Through our engagement programs, we have learned that the passage of large numbers of the best and brightest regional officers through Australian war colleges or police academies has suffused them with our universal values.
They learn our way of war, rule of law and respect for human rights. They also learn our philosophies of civil-military relations.
Australia has learned that in countries with a relatively underdeveloped civil society, the army is often the most respected institution and has some capacity for autonomous policy-making.
Our women and men in our security forces have played a critical role in demonstrating to regional police and military organisations that they can be forces for social cohesion, and not repression, as they have been the past.
Our international security programs have also helped build mutual respect, trust and cooperation.
They have they helped minimise tensions, misunderstanding, misjudgment and miscalculation.
It is a way to establish trust when it is lacking.
At times, the personal links forged through these programs have served Australia well as a back-channel when conventional diplomacy was not enough.
To this point I have spoken with you as an Australian diplomat and a senior bureaucrat. Now I wish to change tack and speak as a soldier.
Throughout the Western World Governments are directly intervening in society to increase the number of women on boards of Corporations and in senior executive positions. That caused me to reflect on the first pillar of UNSCR 1325 – 'PARTICIPATION'. The reason business wants more women in decision making is to produce better outcomes. Surely we then, from a military perspective, have something to learn here.
Now my son (28 years old) and I both attended the Australian military Academy. The difference is that when I was a cadet women were forbidden from the college (we couldn't even marry!). My son was in a graduating class with 23% females Progress!
Participation is as you know only one of the four pillars of UNSC 1325 (also protection, prevention and 'relief and recovery'). But in my view participation is the key. Women must participate increasingly in military planning and mission execution. Women and children must be a principle focus during the planning and conduct of our operations. They are vital for post-conflict resolution and normalization.
Three weeks ago the NATO Secretary-General Special Representative, our distinguished colleague, Mari Skare, said in a statement "we have learned that female soldiers in Afghanistan are able at times to better connect with members of the population otherwise closed off from their male colleagues."
On this point let me share my experiences. In 2001, as the Special Operations commander in Australia I introduced the first women into the Special Forces. My motives were less to do with 'political correctness' and all to do with getting the job done better – this was all about maximizing of operational effectiveness. I had learned my lesson in Lebanon during the 82 war that if you really wanted to know what was going on in a community; if you really wanted your intelligence assessments to be right, you must engage fully with the female population.
The men I found to be full of bluster. The women were typically the source of ground-truth. We were fortunate in the Australian Special Forces to have some women in our ranks who were deployed to Iraq and Afghanistan. I had also experienced the power of women in society when I commanded the UN forces on the East Timor / West Timor border in 2000. Once again in my civil-military cooperation team I used women soldiers (largely New Zealand) to engage the local East Timor women to very good effect.
Most recently I was the National Security Adviser in Australia travelling to Afghanistan with our Prime Minister. During a briefing by our S.A.S. Commander in Tarin Kowt I noticed on the briefing power-point map a series of markings 'R.A.K.'. Finally my curiously got the better of me and I asked what R.A.K. stood for.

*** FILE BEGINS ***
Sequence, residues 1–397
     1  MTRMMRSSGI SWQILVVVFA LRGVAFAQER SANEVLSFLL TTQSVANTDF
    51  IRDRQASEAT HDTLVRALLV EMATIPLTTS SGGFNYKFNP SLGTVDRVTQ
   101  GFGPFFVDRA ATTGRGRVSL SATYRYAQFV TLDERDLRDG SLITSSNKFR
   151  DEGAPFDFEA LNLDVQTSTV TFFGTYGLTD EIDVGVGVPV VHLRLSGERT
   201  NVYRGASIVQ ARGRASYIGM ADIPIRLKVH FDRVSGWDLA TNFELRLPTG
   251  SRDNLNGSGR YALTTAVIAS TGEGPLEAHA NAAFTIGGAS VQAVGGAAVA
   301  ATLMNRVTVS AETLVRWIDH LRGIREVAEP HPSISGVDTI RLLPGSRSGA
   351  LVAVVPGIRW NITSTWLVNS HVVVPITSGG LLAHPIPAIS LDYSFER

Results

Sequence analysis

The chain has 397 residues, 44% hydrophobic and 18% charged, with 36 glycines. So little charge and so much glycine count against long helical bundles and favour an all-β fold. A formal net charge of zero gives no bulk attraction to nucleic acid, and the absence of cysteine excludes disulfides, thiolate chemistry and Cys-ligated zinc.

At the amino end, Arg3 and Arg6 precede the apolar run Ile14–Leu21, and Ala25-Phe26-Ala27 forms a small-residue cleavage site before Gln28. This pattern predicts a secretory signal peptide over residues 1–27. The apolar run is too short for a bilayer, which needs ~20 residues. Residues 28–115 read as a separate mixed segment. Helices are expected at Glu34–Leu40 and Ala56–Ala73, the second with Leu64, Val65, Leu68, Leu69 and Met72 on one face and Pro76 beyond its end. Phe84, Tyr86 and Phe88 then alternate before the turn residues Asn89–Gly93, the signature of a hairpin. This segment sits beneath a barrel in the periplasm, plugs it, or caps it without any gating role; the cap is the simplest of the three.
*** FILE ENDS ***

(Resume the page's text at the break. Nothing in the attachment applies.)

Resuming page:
He replied "Oh they are the "Random Acts of Kindness"! These acts, the placing of a town water pump, the provision of books for a school, the establishment of a medical centre were of course not random at all, but very carefully targeted acts based generally on advice from the women soldiers accompanying the special forces patrols and seeking information on a community needs from the women in the villages. Now all of this is not rocket science – it is plain and simple logic.
If you want to improve military outcomes; if you want to win the peace, like every good soldier I have ever met from every country on earth; and you want to achieve the mission, then use women to talk to women. At the end of the day I am appealing to your own sense of self-interest for these soldiers (sailors and airmen and women) and for those who may not wear a uniform but are involved in planning and support to military operations. I exhort you and urge you to bring more women into your force and into your senior planning process, celebrate the diversity they bring and the successful focus they will give you in your dealings with women (and kids) in the target communities.
Women and acceptance of their interests will bring you military success – you will win the war and more importantly you will win the peace. If you accept my proposition you will need to leave this seminar and tomorrow begin spreading the word among your doubting colleagues. You can have all the reports and conferences you want. You can appoint special representatives, Gender advisers and field advisers. You can create support teams and consultative bodies all you like. But ladies and gentlemen participation by women in war is essential to rapid and lasting success in your missions.
When I was a young major attending the British Army Staff College at Camberley we were all encouraged to read a seminal work by Trevor N. Dupuy called "A Genius of War". It is interesting to reflect on the fact that the geniuses listed by Dupuy were all men! How pompous and misguided it is to think that while women provide 50% of the genius in our wider community, that it is only men who have a genius for war. I put it to you women have both a genius for war and a genius for peace.
My question for ongoing discussions is how do we better convince our colleagues that:
- Participation is the key.
- The mission is best achieved through harnessing the diversity women bring to the planning and execution process and
- How do we better harness the other half of any communities genius for war and peace.